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Socket Relationships?

So if memory serves me correctly in EU3 You make your sockets on your skeleton character model, you then attach a skeletonized item to it. You then could adjust the item orientation and xyz in relation to the socket. Then you could bring in another different item and adjust it to the socket again with its own customer settings. This would make each item you adjust customized around the socket. If I remember the socket stayed in its place but the item could be moved around that socket. The kicker is each item had a memory of how you oriented it.

This way when the item was spawned it would be oriented correctly amongst different items.

Now in UE4 I can make sockets and even select preview that item in its socket. However I do not see an option to move the items orientation to the socket without moving the socket. This makes me nervous because if I move the socket so the orientation lines up correctly for a shovel lets say then when I spawn a bottle its going to be floating in mid air?

Do you follow me? am I wrong? Granted I haven’t done a whole lot of testing yet but I was hoping someone could save me a lot a of time doing that. My concern is how to get different items to all line up out of the same socket? Or will the socket automatically move where needed to each item. Where is the memory kept etc?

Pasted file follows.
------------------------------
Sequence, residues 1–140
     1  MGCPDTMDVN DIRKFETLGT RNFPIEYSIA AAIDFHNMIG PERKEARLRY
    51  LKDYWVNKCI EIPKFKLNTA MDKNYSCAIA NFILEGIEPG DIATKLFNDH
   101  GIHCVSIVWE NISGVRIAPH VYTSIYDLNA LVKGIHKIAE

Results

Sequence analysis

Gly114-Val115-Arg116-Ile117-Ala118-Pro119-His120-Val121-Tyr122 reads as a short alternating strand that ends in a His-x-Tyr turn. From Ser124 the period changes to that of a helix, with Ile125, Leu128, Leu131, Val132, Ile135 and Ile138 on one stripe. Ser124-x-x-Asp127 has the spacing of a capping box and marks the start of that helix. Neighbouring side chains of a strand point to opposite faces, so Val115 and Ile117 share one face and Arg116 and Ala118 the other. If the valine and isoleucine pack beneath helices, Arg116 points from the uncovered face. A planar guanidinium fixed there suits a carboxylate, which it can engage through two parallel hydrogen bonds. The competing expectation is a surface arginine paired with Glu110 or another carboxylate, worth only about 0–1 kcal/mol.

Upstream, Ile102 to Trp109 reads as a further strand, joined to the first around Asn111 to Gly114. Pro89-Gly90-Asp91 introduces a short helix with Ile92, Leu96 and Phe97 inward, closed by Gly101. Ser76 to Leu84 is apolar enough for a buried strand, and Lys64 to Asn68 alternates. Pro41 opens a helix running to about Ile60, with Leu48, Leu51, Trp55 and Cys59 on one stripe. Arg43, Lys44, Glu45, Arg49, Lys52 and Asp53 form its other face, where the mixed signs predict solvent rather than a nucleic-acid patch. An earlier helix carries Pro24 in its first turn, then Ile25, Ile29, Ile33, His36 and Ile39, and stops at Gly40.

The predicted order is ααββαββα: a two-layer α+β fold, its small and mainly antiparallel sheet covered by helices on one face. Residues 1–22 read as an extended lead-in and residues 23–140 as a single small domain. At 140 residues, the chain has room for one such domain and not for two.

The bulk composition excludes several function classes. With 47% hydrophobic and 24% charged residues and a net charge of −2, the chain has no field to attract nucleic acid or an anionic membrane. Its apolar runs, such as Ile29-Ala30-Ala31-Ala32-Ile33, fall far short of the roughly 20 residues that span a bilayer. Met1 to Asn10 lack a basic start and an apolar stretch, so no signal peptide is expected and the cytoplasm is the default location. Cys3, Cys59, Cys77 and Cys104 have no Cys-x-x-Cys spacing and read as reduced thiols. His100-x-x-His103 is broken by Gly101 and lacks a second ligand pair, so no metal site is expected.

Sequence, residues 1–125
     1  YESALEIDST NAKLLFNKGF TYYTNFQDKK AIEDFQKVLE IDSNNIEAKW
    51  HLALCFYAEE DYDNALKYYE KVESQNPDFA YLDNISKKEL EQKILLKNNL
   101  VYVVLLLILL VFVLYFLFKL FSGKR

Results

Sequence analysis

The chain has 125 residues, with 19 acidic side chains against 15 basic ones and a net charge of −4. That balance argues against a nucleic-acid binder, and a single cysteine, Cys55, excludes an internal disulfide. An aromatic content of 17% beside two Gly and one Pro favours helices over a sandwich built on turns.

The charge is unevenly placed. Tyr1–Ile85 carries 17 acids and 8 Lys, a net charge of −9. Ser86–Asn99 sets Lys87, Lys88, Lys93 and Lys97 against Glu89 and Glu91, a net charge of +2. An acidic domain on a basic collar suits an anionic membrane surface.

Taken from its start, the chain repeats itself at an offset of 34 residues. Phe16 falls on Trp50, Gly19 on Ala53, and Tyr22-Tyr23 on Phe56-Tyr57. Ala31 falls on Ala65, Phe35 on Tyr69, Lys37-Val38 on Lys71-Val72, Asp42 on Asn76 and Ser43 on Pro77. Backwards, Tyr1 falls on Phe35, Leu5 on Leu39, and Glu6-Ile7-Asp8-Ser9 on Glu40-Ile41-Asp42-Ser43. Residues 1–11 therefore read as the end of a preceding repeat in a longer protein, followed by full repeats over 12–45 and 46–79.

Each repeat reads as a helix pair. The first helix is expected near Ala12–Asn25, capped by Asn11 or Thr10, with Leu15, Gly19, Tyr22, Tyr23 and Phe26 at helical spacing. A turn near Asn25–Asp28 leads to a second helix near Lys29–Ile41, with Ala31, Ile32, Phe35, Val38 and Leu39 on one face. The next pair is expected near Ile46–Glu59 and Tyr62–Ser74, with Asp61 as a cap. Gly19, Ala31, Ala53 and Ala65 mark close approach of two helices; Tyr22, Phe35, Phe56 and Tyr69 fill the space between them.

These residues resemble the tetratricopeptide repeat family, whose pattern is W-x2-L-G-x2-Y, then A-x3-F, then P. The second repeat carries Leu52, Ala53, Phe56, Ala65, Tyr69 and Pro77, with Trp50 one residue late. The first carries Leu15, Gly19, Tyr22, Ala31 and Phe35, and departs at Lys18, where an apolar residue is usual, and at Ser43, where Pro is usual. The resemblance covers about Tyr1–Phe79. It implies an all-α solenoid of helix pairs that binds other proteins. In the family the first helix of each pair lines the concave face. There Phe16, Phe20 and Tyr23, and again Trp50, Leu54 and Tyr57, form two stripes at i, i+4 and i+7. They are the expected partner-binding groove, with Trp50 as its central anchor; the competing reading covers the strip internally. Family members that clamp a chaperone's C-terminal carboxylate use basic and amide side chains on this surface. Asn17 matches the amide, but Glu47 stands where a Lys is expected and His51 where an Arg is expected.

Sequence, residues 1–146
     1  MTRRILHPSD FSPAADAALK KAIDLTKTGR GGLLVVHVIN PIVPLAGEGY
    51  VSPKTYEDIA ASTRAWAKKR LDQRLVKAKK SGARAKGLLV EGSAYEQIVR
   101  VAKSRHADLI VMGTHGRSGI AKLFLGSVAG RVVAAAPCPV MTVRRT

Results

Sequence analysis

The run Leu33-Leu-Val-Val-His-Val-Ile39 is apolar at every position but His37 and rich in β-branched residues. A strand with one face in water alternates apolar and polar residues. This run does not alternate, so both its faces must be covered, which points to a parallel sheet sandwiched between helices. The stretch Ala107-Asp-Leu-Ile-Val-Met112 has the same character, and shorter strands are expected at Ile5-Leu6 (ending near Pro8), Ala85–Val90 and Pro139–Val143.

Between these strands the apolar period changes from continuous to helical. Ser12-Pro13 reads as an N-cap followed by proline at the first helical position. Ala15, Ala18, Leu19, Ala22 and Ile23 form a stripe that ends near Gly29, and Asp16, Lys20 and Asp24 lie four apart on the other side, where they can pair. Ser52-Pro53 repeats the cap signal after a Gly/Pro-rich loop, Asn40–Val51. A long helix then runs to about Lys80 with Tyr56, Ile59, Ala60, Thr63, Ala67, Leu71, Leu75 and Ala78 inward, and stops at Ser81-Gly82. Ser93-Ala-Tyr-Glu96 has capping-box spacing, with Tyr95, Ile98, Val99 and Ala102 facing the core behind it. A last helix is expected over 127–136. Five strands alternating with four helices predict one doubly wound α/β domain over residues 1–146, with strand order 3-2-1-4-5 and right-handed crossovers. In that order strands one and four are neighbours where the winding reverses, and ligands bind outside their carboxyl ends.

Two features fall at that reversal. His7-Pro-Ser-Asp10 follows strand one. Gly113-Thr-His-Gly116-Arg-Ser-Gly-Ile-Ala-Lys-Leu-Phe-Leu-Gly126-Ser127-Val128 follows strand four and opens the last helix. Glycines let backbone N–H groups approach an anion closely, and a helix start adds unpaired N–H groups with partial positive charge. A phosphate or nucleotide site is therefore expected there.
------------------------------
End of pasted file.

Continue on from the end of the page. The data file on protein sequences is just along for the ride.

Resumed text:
Thanks in advance

Has anyone played or tested sockets in depth yet?

I’m pretty sure that UE3 sockets work the same way as UE4 sockets, in that there is no ‘per-thing-to-attach’ data stored. The best way to go is to set up your attachable meshes / weapons / etc… so that they’re ready to go as-is (their default orientation/origin point is the hand grip or the head or whatever).

When that won’t quite do, you might want to define a family of sockets. For example, there are several separate hat sockets in Fortnite, depending on if it’s a full head helmet, a regular hat hat, a hat worn off to one side, etc… You can then pair these up with an extra data asset that stores both the mesh and the socket the mesh goes into. If really necessary, you could store an additional transform there too that you apply either via a dummy scene component attached to the socket or setting as the local transform of the spawned object, but that would be awkward for previewing in editor.

Cheers,
Michael Noland

Well thanks for the information, Not exactly what I was hoping for. Yet again everything seems to require an additional 10 steps and be convoluted. So the model has to be pre-lined up before import into UE4, sorta yucky. Or one needs to lay down 20 different hand sockets, yucky again. Axe_Short, Axe_Long, Axe_Curved, Axe_Broken meh.

No in EU3 you placed one socket, just one. You then previewed every single model that would possible be spawned in that socket and lined up its orientation in a pre-viewer just once. There was some sort of meta data that would be stored so when the model was spawned it new its orientation that you setup and would use it. ← This makes sense, it also saves tons of time wasted.